Sunday, 28 March 2010

AntiProduct - Please Take Your Cash

It’s extremely difficult to tag AntiProduct with a specific genre as they jump from anything such as melodic pop-rock to blistering heavy metal in such quick succession that it takes repeated listens to even notice the transition. Indeed, it’s a testament to AntiProduct’s musical ability that they are able to so seamlessly mix very different styles without it sounding awkward or jarring; ‘Arms Around The World’, for instance, leaps from Green Day pop-punk to a borderline thrash interlude before culminating in an almost nonsensical country breakdown. Whilst the entire album isn’t quite as manically eclectic as this, Please Take Your Cash remains as consistently fun throughout, ranging from up-beat motivators such as the could-be-Andrew W.K. song “Parties All Over The World” to the fantastically demonic cover of “Good Vibrations” – there’s never a dull moment.

Alex Kane’s American-twanged vocals ooze a biting yet tuneful charisma and are brilliantly complimented by the serenely English voice of Clare pproduct, with the rest of the band ably contributing their pipes to add an extra kick to the multi-layered chants. Of particular note is how much better produced the instrumentation of Please Take Your Cash is than on its predecessor Made In U.S.A., with the polished sheen really bringing out the Ramones-esque tendencies of the band. Furthermore, with their debut album Consume and Die... the Rest is All Fun becoming an increasingly difficult find nowadays, Please Take Your Cash also contains re-recordings of a few of the former’s tracks - not the least of which is live-staple ‘Bungee Jumping People Die’, proving itself just as good a track now as it did back in 2000.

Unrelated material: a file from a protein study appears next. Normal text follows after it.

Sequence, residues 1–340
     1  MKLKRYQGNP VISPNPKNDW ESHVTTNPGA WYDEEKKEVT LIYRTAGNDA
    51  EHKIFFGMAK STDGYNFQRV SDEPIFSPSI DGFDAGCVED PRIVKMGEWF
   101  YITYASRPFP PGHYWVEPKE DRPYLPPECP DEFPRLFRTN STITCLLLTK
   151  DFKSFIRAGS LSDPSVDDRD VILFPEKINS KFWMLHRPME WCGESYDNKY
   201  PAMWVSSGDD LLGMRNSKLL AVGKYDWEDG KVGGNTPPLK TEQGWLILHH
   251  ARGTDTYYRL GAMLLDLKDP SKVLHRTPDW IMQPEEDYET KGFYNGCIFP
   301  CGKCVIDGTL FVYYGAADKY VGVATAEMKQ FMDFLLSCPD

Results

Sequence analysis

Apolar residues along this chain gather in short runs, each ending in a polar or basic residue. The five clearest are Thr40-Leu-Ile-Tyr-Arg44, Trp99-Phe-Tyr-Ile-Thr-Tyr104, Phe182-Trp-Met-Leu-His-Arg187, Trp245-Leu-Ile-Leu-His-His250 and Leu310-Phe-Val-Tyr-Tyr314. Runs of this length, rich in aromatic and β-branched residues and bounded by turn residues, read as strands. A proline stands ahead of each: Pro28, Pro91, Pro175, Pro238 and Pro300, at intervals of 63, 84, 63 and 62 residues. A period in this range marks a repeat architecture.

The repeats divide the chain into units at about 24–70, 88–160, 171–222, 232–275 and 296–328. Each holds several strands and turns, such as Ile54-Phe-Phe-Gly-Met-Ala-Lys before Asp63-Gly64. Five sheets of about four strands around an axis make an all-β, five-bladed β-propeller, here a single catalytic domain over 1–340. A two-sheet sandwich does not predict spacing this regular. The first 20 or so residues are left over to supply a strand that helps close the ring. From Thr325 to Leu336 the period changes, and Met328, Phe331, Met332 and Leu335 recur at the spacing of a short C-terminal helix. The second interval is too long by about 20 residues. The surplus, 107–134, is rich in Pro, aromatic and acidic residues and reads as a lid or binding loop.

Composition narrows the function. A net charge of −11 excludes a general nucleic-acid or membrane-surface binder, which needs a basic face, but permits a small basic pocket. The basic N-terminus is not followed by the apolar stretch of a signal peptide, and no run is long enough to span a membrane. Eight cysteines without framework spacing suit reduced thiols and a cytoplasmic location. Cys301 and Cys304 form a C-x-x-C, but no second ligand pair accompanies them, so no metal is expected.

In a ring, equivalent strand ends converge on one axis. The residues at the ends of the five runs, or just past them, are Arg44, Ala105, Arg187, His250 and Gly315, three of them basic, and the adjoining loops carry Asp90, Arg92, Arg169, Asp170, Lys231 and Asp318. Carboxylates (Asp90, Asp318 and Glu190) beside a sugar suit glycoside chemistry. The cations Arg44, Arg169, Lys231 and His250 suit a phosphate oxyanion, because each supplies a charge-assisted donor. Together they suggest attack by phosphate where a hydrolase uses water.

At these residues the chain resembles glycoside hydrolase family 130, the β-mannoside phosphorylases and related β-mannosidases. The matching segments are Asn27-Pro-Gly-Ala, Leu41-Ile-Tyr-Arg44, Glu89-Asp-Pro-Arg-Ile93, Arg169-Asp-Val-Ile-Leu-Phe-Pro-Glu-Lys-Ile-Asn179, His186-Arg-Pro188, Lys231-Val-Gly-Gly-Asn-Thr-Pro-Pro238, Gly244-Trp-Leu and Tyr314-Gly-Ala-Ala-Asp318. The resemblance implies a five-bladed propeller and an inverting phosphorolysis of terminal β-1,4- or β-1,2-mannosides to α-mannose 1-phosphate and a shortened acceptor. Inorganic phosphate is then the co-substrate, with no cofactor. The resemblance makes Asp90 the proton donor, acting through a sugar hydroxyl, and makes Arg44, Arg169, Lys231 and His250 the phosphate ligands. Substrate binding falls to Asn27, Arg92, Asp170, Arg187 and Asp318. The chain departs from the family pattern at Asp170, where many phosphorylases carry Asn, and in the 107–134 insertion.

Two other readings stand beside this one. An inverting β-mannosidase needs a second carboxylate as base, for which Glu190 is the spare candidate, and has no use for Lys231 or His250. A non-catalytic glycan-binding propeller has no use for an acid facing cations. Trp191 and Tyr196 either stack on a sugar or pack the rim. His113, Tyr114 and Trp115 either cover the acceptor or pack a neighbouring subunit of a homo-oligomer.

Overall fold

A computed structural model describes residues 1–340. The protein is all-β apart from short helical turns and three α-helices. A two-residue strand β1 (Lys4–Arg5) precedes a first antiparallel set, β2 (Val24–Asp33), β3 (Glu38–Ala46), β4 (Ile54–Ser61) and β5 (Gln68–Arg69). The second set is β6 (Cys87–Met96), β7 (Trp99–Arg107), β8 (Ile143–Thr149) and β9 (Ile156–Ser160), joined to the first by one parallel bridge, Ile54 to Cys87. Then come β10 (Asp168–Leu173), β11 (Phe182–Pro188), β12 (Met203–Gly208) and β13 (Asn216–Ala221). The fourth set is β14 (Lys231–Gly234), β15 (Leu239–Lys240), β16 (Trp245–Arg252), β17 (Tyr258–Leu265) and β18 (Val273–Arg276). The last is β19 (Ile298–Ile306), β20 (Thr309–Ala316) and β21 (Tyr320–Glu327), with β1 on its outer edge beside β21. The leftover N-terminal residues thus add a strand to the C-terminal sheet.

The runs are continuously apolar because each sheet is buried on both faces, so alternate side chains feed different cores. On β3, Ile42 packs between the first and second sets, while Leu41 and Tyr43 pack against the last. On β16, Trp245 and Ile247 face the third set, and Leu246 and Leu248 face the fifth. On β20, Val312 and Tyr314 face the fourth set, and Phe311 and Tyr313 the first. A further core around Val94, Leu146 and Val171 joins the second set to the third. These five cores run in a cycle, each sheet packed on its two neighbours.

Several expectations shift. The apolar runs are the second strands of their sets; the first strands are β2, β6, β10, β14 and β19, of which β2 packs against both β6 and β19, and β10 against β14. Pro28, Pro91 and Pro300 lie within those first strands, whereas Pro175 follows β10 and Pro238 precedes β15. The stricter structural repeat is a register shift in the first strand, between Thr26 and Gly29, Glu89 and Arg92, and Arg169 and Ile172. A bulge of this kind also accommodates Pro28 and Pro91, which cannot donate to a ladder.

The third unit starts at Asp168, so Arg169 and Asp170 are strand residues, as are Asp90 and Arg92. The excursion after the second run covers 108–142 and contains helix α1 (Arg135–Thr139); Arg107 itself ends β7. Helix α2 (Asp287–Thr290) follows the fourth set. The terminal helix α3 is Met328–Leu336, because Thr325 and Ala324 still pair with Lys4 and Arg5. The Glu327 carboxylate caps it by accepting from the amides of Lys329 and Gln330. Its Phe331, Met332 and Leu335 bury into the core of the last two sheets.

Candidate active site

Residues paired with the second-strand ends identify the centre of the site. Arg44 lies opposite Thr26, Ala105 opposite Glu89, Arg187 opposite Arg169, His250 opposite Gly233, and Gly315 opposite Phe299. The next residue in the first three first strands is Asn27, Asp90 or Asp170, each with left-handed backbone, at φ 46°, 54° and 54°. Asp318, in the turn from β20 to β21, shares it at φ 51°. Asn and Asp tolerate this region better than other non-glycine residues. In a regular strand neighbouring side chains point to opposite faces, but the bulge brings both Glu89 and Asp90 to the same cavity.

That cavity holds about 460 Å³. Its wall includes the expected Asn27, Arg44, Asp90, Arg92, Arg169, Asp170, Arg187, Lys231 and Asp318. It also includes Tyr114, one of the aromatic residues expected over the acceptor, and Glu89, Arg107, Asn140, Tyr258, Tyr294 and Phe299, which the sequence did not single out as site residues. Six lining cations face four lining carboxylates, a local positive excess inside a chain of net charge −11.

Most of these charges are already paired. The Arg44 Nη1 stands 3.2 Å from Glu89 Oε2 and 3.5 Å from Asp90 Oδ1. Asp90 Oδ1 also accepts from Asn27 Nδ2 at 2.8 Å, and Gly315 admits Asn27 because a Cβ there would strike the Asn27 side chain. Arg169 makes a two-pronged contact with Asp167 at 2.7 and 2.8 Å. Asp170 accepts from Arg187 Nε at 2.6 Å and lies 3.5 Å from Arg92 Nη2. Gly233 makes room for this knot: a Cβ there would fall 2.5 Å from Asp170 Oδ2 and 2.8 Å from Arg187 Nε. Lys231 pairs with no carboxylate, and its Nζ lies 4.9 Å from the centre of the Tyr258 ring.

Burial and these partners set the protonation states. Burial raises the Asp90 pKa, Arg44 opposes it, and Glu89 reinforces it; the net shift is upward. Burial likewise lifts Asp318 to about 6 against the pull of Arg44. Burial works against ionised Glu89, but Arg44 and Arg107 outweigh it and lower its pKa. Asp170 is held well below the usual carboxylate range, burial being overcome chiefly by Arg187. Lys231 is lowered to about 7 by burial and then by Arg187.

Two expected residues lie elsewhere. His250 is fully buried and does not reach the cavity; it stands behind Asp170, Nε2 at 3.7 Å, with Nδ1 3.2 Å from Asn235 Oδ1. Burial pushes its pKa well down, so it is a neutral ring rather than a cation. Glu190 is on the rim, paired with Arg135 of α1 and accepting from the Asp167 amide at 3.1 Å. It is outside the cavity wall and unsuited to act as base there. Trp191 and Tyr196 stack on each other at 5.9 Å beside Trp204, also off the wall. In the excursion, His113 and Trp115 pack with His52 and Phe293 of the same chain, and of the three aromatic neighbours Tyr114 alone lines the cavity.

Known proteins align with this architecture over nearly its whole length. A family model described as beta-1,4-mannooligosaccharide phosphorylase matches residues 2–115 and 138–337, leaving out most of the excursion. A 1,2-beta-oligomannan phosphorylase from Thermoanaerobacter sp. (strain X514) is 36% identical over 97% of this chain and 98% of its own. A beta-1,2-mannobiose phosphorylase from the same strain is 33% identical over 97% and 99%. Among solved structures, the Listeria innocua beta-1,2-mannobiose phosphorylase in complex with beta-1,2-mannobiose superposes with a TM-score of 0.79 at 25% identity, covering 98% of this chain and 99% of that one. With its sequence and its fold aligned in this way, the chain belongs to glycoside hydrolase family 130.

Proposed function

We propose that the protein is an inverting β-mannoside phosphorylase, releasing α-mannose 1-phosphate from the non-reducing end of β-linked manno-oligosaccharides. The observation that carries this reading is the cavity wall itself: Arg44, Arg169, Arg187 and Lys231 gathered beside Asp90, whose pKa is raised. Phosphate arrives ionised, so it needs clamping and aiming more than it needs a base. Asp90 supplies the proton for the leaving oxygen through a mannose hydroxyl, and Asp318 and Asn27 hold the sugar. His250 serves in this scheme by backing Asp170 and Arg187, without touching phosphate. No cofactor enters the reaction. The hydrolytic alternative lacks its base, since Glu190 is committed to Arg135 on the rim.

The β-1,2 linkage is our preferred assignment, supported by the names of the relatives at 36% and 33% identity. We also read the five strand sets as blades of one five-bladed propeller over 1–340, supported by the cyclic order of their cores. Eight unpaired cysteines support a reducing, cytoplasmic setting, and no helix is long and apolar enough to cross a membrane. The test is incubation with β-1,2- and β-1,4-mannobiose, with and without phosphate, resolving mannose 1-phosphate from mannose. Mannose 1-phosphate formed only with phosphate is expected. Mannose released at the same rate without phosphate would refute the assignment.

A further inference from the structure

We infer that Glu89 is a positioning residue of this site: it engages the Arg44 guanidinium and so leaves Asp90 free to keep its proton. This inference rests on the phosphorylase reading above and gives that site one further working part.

Clearly, at the heart of AntiProduct’s Please Take Your Cash is an uplifting amalgamation of a desire for fun and genuine passion for music, both of which are beautifully and skilfully portrayed throughout and possibly best epitomised by surprisingly moving cuts such as ‘Tell Me What You Want’ or ‘When We Find Love’. There is honestly not a weak cut on the entire album and it should more than satisfy who like their rock with some well constructed diversity.

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